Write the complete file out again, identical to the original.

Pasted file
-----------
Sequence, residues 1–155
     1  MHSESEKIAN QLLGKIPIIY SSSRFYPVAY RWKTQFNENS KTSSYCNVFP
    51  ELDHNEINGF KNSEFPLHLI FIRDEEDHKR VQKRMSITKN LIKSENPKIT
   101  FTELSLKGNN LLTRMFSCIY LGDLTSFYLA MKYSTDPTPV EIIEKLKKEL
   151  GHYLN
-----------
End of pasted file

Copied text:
Sequence, residues 1–155
     1  MHSESEKIAN QLLGKIPIIY SSSRFYPVAY RWKTQFNENS KTSSYCNVFP
    51  ELDHNEINGF KNSEFPLHLI FIRDEEDHKR VQKRMSITKN LIKSENPKIT
   101  FTELSLKGNN LLTRMFSCIY LGDLTSFYLA MKYSTDPTPV EIIEKLKKEL
   151  GHYLN